Campout One of the biggest events on campus for graduate and professional students is Campout. It's a weekend-long party while we wait to get much coveted Duke basketball tickets!
Intramurals Want to indulge your competitive side or get some exercise while getting to know your colleagues? Check out the Duke University Intramural Sports program.
- Training as a basic biomedical scientist offers a wide range of career opportunities after you complete your Ph.D. These include academic positions, pharmaceutical and biotechnology companies, government agencies, communication organizations and businesses, law and consulting firms, and philanthropic and non-profit organizations. We encourage you to spend time actively developing your career path throughout your time as a graduate student so that at the end of your Ph.D. you find the career that matches your interests and talents. DSCB alumni go on to diverse and successful careers.
- Career Opportunities and Resources at Duke:
- Bass Connections-Explore real-world issues in interdisciplinary research teams
- Graduate Student Career Center- offers programs, resources, and events to assist students with identifying and developing their career pathway. These services include: support, education and certification in teaching; leadership and mentoring skills; networking, interviewing and communication development; skills for academic faculty positions; and individual career advising.
- The Office of Biomedical Graduate Education--Professional Development- a central office for biomedical PhD programs which also offers RCR training, as well as additional mentorship and career training opportunities.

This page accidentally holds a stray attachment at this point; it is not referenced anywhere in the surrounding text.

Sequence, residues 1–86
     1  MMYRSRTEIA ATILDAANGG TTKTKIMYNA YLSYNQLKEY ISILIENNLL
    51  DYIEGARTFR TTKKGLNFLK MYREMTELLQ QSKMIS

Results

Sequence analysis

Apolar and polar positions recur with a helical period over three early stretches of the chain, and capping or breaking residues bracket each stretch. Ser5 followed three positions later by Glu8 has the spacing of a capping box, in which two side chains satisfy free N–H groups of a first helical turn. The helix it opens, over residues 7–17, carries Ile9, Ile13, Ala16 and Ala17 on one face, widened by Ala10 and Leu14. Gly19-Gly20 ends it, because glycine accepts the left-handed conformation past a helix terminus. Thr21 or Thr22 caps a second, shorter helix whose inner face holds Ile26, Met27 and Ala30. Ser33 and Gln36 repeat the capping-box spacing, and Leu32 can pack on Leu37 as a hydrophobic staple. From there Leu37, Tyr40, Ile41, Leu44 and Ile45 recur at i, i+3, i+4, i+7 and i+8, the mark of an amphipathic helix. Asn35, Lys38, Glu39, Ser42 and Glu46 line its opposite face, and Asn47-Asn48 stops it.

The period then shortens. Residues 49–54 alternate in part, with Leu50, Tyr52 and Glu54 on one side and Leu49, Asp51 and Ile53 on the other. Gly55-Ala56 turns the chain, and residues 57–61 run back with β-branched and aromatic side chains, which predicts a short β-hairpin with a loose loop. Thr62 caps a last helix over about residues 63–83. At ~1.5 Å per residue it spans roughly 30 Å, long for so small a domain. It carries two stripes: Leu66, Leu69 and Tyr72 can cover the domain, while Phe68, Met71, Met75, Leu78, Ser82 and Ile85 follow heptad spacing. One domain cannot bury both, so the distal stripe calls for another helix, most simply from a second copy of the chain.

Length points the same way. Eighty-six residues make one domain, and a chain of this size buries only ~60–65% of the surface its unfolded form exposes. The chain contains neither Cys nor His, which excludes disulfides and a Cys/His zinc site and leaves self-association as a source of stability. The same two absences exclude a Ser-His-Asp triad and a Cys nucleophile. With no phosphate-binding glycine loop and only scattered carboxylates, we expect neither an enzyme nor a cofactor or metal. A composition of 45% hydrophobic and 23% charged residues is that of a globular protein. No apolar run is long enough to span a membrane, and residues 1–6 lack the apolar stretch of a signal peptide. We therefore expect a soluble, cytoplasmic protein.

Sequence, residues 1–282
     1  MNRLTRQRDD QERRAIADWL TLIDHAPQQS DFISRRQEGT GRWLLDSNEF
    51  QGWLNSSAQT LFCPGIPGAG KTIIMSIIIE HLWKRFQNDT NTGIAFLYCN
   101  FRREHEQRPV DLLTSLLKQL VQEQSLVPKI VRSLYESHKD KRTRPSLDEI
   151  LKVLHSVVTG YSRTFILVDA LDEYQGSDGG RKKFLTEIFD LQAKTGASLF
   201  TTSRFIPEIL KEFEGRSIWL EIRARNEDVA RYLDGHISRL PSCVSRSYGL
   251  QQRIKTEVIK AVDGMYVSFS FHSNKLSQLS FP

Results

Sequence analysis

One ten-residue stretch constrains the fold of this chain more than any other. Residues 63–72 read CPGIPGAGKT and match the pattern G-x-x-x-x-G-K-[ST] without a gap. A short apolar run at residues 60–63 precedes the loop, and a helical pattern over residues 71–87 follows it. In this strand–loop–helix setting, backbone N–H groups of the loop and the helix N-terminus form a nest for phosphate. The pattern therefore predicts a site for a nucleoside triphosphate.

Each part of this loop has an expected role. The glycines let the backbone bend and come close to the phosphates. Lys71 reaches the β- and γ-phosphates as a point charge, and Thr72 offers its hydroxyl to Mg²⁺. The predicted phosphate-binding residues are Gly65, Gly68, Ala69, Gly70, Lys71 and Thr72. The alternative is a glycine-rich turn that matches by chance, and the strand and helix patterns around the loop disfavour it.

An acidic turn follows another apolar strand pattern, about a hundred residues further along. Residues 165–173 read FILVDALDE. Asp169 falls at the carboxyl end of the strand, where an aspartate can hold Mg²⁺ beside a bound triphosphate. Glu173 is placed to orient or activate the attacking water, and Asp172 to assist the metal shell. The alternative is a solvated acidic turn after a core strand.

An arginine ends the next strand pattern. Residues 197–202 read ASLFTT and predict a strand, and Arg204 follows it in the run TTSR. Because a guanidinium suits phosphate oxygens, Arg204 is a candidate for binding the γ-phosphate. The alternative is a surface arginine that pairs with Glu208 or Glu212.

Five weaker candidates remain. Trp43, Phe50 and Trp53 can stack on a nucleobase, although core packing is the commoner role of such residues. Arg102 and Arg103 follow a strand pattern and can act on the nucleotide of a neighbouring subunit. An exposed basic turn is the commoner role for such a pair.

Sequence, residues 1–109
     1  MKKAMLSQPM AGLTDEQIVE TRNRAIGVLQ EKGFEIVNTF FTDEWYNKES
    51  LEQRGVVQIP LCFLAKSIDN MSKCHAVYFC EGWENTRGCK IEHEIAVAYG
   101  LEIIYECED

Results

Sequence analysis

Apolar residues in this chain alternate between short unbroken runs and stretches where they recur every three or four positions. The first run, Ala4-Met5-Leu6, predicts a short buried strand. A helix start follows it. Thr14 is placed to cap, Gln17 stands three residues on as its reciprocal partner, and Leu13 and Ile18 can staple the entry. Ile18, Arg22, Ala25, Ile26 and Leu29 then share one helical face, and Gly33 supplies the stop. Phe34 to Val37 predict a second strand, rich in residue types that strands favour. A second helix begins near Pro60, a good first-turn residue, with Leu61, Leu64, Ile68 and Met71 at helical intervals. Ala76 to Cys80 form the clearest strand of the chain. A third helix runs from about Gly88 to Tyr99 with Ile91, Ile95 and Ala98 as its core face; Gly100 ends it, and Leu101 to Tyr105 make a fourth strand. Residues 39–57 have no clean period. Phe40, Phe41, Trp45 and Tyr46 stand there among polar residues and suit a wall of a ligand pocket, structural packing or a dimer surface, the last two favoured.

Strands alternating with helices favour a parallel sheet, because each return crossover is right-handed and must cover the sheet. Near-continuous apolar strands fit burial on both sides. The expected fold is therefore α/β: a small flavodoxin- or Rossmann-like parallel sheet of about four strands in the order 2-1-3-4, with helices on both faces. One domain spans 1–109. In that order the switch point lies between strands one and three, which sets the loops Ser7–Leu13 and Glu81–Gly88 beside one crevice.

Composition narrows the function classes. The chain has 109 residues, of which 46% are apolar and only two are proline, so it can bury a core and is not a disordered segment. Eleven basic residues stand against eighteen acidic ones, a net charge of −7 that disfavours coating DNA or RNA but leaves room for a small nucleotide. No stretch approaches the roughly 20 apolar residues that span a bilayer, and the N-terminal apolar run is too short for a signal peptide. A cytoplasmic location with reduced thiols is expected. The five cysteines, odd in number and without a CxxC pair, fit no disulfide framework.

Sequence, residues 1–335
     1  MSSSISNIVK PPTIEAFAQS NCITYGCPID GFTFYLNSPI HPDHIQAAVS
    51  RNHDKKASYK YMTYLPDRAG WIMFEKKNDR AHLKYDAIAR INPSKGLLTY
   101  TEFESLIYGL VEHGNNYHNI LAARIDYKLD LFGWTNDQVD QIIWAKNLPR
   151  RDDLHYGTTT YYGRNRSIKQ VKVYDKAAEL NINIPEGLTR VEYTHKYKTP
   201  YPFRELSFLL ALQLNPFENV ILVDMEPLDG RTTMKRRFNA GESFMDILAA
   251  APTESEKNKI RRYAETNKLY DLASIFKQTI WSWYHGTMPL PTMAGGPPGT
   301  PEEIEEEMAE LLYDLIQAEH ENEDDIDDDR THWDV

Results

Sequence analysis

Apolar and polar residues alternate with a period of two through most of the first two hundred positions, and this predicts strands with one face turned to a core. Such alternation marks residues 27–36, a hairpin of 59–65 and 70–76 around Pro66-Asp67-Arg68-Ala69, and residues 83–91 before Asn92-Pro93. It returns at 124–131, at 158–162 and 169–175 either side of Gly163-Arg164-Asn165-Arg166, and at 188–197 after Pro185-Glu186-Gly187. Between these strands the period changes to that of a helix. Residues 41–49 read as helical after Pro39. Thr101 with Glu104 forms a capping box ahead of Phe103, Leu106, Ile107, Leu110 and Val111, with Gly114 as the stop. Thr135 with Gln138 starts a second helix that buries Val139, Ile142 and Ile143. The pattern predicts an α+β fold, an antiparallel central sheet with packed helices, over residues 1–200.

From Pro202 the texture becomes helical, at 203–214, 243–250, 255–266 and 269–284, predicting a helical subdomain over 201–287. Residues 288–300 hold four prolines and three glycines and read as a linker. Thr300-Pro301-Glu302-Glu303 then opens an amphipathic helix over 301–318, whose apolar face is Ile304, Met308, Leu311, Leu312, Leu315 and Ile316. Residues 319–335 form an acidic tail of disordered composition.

- Duke Scholars in Molecular Medicine: The Duke Scholars in Molecular Medicine Program is a nine month program that allows graduate students studying basic sciences to interact with clinicians and translational scientists in their field of research. The goal of the program is to enhance the training of graduate students by directly exposing students to clinical problems that can be addressed through basic and translational research.
- Teaching opportunities at Duke: There are ample opportunities for teaching, including certifications in teaching, for students interested in this career path.
- Duke Science Communication & Entrepreneurship. These Initiatives are campus-wide organizations that seek to strengthen the role of science in our society and assist Duke University faculty, post-doctoral fellows and students in developing entrepreneurial skills to develop and translate technology innovations to positively impact society.
- National Career Resources
- Mastering Your Ph.D.: Preparing for Your Post-Ph.D. Career Advice and links to career options post-Ph.D.
- The versatile PhD A career site to help PhDs and graduate students find and thrive in non-academic positions.
- National Postdoctoral Association National organization supporting post-doctoral scholars.
- Academic Job Site The PhD project site to help finding academic jobs.
- PhD jobs A site to help find a wide-range of jobs for PhDs.